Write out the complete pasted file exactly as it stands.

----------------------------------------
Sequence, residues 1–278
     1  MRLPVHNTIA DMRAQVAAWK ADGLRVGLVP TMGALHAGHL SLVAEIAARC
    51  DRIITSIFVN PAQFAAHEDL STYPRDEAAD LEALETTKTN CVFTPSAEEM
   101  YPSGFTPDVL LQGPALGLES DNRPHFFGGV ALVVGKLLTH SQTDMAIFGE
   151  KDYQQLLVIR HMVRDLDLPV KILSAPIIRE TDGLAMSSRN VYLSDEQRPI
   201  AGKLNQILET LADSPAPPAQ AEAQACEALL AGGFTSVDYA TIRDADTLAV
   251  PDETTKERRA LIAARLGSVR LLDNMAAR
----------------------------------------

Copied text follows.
Sequence, residues 1–278
     1  MRLPVHNTIA DMRAQVAAWK ADGLRVGLVP TMGALHAGHL SLVAEIAARC
    51  DRIITSIFVN PAQFAAHEDL STYPRDEAAD LEALETTKTN CVFTPSAEEM
   101  YPSGFTPDVL LQGPALGLES DNRPHFFGGV ALVVGKLLTH SQTDMAIFGE
   151  KDYQQLLVIR HMVRDLDLPV KILSAPIIRE TDGLAMSSRN VYLSDEQRPI
   201  AGKLNQILET LADSPAPPAQ AEAQACEALL AGGFTSVDYA TIRDADTLAV
   251  PDETTKERRA LIAARLGSVR LLDNMAAR